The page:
92. For operational purposes WHO has divided leprosy into: • Paucibacillary leprosy (PBL) • Patient has few bacilli and is noninfectious. • It includes the TT and BT types. • Multibacillary leprosy (MBL) • Patient has large bacillary load and is infectious. • It includes the LL, BL and BB types.

93. WHO reclassified leprosy in 1998 into • Single lesion paucibacillary leprosy (SLPB): • With a solitary cutaneous lesion. • Paucibacillary leprosy (PB): • With 2–5 skin lesions. • Both SLPB and PB cases are skin smear negative for M. leprae. • Multibacillary leprosy (MB): • With > 6 skin lesions, as well as all smear positive cases.

94. The classification being followed by NLEP since 2009 Paucibacillary (PB) Multibacillary (MB)  1-5 skin lesions  No nerve/only one nerve involvement, + 1–5 skin lesions.  Skin smear negative at all sites.  6 or more skin lesions  >1 nerve involved irrespective of number of skin lesions.  Skin smear positive at any one site.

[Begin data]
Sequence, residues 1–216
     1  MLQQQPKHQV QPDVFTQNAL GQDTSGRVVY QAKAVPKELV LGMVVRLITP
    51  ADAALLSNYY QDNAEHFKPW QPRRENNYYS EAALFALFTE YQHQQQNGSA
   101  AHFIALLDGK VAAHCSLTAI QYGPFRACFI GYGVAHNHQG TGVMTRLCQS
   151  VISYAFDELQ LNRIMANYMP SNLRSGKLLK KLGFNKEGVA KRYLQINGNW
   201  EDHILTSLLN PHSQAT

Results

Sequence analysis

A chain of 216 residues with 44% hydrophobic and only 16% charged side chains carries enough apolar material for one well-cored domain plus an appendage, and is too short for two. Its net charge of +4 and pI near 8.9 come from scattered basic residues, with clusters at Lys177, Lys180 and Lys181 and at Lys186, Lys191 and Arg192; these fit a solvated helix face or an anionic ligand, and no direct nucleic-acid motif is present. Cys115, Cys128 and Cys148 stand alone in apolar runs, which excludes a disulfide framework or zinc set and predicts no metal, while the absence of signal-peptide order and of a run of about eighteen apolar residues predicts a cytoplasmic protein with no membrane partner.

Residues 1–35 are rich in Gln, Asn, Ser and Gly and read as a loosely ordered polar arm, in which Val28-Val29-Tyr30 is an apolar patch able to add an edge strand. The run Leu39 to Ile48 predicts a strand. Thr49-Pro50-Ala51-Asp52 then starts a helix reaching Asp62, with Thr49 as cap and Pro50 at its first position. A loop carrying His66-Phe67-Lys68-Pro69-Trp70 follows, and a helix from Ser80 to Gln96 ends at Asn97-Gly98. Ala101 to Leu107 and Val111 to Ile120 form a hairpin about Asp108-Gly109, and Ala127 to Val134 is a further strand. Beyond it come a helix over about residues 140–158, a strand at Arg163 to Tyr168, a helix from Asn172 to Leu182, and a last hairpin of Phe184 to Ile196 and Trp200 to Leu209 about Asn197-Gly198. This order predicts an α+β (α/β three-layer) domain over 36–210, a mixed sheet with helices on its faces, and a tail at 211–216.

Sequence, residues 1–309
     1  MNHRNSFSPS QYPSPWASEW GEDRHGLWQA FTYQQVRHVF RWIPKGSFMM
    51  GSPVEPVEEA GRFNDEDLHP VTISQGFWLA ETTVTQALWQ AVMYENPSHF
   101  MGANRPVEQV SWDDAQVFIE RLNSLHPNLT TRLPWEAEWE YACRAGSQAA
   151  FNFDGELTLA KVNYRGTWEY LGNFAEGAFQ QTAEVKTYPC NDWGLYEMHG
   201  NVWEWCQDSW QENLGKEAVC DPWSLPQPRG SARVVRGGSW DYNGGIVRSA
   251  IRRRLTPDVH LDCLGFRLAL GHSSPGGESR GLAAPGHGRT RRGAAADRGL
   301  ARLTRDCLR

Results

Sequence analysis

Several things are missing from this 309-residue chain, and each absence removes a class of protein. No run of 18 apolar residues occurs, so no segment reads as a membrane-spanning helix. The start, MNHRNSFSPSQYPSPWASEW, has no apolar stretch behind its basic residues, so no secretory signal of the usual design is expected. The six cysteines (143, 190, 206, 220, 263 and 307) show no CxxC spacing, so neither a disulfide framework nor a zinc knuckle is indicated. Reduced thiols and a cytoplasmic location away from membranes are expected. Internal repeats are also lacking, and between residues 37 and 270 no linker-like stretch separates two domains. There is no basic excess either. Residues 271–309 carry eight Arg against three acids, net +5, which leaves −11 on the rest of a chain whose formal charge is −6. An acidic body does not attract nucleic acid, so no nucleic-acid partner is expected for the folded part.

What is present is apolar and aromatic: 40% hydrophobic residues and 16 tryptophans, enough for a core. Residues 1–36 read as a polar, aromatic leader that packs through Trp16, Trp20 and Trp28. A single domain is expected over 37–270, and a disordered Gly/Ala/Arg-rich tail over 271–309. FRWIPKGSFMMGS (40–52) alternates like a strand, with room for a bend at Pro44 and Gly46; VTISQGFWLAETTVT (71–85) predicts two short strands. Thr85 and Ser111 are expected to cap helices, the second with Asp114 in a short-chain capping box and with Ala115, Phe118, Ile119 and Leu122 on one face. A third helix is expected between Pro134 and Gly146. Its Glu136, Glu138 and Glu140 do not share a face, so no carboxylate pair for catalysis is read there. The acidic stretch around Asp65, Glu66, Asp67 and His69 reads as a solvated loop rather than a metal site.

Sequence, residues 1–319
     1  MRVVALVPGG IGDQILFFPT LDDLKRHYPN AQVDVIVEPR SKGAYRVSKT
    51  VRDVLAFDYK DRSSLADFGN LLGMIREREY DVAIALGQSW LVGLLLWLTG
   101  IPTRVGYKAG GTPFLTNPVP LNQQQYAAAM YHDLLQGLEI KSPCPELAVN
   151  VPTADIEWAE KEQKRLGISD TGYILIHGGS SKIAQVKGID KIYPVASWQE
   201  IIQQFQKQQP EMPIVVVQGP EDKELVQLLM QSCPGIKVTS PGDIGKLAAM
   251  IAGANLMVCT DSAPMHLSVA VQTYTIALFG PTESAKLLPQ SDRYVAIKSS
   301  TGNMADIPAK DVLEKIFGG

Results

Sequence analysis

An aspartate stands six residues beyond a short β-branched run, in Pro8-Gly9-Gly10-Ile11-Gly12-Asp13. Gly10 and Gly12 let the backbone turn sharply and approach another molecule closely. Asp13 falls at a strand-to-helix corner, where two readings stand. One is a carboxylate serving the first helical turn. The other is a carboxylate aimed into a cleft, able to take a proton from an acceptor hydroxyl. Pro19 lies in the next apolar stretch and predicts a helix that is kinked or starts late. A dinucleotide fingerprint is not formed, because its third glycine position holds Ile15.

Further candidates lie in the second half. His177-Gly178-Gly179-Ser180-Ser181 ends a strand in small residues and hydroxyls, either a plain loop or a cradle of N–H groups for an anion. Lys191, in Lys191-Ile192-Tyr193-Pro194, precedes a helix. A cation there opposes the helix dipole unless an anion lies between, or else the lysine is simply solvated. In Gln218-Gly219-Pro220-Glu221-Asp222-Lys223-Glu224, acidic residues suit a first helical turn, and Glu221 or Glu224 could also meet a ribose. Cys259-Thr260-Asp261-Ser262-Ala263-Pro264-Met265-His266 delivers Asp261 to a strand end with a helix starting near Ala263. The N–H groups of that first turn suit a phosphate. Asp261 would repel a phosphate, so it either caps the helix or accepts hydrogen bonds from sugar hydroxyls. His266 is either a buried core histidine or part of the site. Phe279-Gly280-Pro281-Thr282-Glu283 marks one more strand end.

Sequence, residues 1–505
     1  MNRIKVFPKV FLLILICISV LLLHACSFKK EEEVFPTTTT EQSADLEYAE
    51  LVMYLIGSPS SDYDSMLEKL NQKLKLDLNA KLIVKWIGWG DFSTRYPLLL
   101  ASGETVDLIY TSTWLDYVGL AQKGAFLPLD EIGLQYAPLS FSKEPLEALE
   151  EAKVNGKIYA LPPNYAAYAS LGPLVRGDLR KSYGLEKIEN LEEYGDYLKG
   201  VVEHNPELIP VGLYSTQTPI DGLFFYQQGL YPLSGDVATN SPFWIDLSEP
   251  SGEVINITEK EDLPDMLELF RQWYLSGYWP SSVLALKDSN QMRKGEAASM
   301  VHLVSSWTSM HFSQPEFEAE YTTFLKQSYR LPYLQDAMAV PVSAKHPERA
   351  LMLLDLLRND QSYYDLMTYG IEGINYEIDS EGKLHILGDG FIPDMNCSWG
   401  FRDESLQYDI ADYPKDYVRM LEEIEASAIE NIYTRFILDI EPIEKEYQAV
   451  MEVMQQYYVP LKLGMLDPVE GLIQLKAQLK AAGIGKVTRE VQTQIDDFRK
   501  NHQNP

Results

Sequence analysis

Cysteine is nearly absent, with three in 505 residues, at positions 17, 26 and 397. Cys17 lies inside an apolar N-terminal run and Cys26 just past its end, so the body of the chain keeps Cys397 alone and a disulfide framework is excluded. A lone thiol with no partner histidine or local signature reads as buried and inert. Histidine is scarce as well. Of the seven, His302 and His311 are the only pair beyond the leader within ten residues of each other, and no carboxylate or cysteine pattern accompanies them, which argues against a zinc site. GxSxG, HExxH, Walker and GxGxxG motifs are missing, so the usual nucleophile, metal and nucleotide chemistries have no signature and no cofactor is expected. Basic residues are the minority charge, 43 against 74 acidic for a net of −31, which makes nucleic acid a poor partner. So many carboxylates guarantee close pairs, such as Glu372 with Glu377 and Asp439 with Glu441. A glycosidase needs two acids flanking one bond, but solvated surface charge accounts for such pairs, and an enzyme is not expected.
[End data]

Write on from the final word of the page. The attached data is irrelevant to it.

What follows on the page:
95. Multidrug therapy (MDT) of leprosy Drugs Multibacillary Leprosy Paucibacillary Leprosy Rifampicin 600 mg once in a month (under supervision) 600 mg once in a month (under supervision) Dapsone 100 mg daily self administered 100 mg daily self administered Clofazimine 300 mg once a month supervised and 50 mg daily self administered - Duration 12 months 6 months Doses should be reduced suitably for children.

96. ALTERNATIVE REGIMENS • The alternative regimens are used only in case of rifampin-resistance or when it is not possible to employ the standard MDT regimen. • Some of these regimens are : • Intermittent ROM: Rifampin 600 mg + Ofloxacin 400 mg+ Minocycline 100 mg are given once a month for 3–6 months for PBL and for 12 or 24 months for MBL cases • Single dose ROM: A single dose of rifampin + ofloxacin+ minocycline was given for single lesion PBL, but this has been discontinued now. • Intermittent RMMx: Moxifloxacin 400 mg + Minocycline 200 mg + Rifampicin 600 mg is given once a month: Total six doses for PBL and 12 doses for MBL are given.